In which I make oblique reference to a change in my personal circumstances

When you fill out a birth certificate in Wisconsin, there’s a “Mother’s Information” section and a “Husband’s Information” section.  If you’re unmarried, you’re not allowed to put the father’s name on the birth certificate.  You have to leave it blank, and petition the State Vital Records Office after the fact to get the father included.  And if you are married, you have to put the husband on the birth certificate, whether or not he’s the father of the child.   In fact, if you’re married to Mr. X, conceive a child by Mr. Y, and subsequently get divorced from Mr. X, the ex-Mrs.X still has to put Mr. X on the birth certificate.  He can only be removed by court order.

What can the rationale for this be?  I guess it must arise from acrimonious cases where the paternity of baby X is really unknown, but Mr. X, angry at having been cheated on and dumped, insists, rightly or not, that the baby is not his, and refuses to pay child support.

It is not at all clear how you’re supposed to fill out the form if you’ve been married to more than one man over the course of the pregnancy.

(Mrs. Q would like me to clarify that the abovementioned change in my personal circumstances is the one which entails filling out a birth certificate request with the State of Wisconsin, and does not involve any alterations in marital status, unknown biological parentage, or outstanding claims of child support.)

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17 thoughts on “In which I make oblique reference to a change in my personal circumstances

  1. Michelle says:


  2. Robert says:


    [The clarification was really helpful … I was thinking all sorts of scenarios :-))

  3. Yiftach says:


  4. Dear Jordan,


    Best wishes,


  5. Yep, a reminder of the `good old days`

    It`s there to save Mr.X`s face in the public.

    You know, they got the divorce because the women “had the issues”

    Hypo-crisis + Financial crisis = an interesting oucome

  6. Toby says:


  7. Dirty Davey says:

    I believe it is the case that when a child is born to a married woman, that woman’s husband is legally the father of the child regardless of his involvement (or lack thereof) in the conception.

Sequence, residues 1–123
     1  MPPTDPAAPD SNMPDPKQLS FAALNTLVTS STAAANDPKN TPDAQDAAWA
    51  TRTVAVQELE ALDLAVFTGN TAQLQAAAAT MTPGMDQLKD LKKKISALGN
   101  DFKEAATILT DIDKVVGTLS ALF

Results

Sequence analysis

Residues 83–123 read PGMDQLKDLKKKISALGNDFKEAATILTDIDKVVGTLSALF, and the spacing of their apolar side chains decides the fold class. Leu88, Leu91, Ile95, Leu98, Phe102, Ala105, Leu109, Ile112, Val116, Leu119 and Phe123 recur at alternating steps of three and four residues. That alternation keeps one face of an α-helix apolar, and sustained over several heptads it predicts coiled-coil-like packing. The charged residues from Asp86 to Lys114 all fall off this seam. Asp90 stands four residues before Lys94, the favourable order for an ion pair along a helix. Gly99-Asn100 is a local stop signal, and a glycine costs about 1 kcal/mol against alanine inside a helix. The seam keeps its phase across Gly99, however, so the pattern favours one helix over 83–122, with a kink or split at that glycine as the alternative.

8. Jim says:


  9. Rebecca says:

    Mazel tov!

    The reason that children are legally the children of their mothers’ marriages is because until the advent of DNA testing, establishing paternity with certainty was impossible and questioning the paternity of a child was a long drawn-out process traumatic to the child.

  10. chanson says:

    It is not at all clear how you’re supposed to fill out the form if you’ve been married to more than one man over the course of the pregnancy.

    The laws regarding marriage and divorce may make that scenario difficult. I got a no-fault divorce in New Jersey, and — in addition to imposing a long waiting period of separation — the no-fault divorce would not have been legally possible if the wife is pregnant. (So a “fault” divorce would have been required, and who knows how long that takes?) Meanwhile, if my ex had found a new girlfriend and gotten her pregnant during the required separation, the no-fault divorce would still have been allowed to go through without a hitch!

    On the other end, some places require pregnancy tests if the woman is remarrying less than nine months after a divorce. (I don’t think a positive test would prevent the marriage, but the new husband would be legally informed of the result.)

  11. SQ says:

    Just get married already. Sheesh.

  12. JSE says:

    I guess I was too oblique. Mrs. Q and I are married.

  13. SQ says:

    I read “birth certificate request” as related to the court orders mentioned in your post. In that case, never mind. Congrats on your spawn. May he/she have many happy years.

  14. SQ says:

    I mean I thought you were petitioning the State Vital Records Office.

  15. Jason Starr says:


  16. Willie Wong says:

    Just saw your post, mazel tov!

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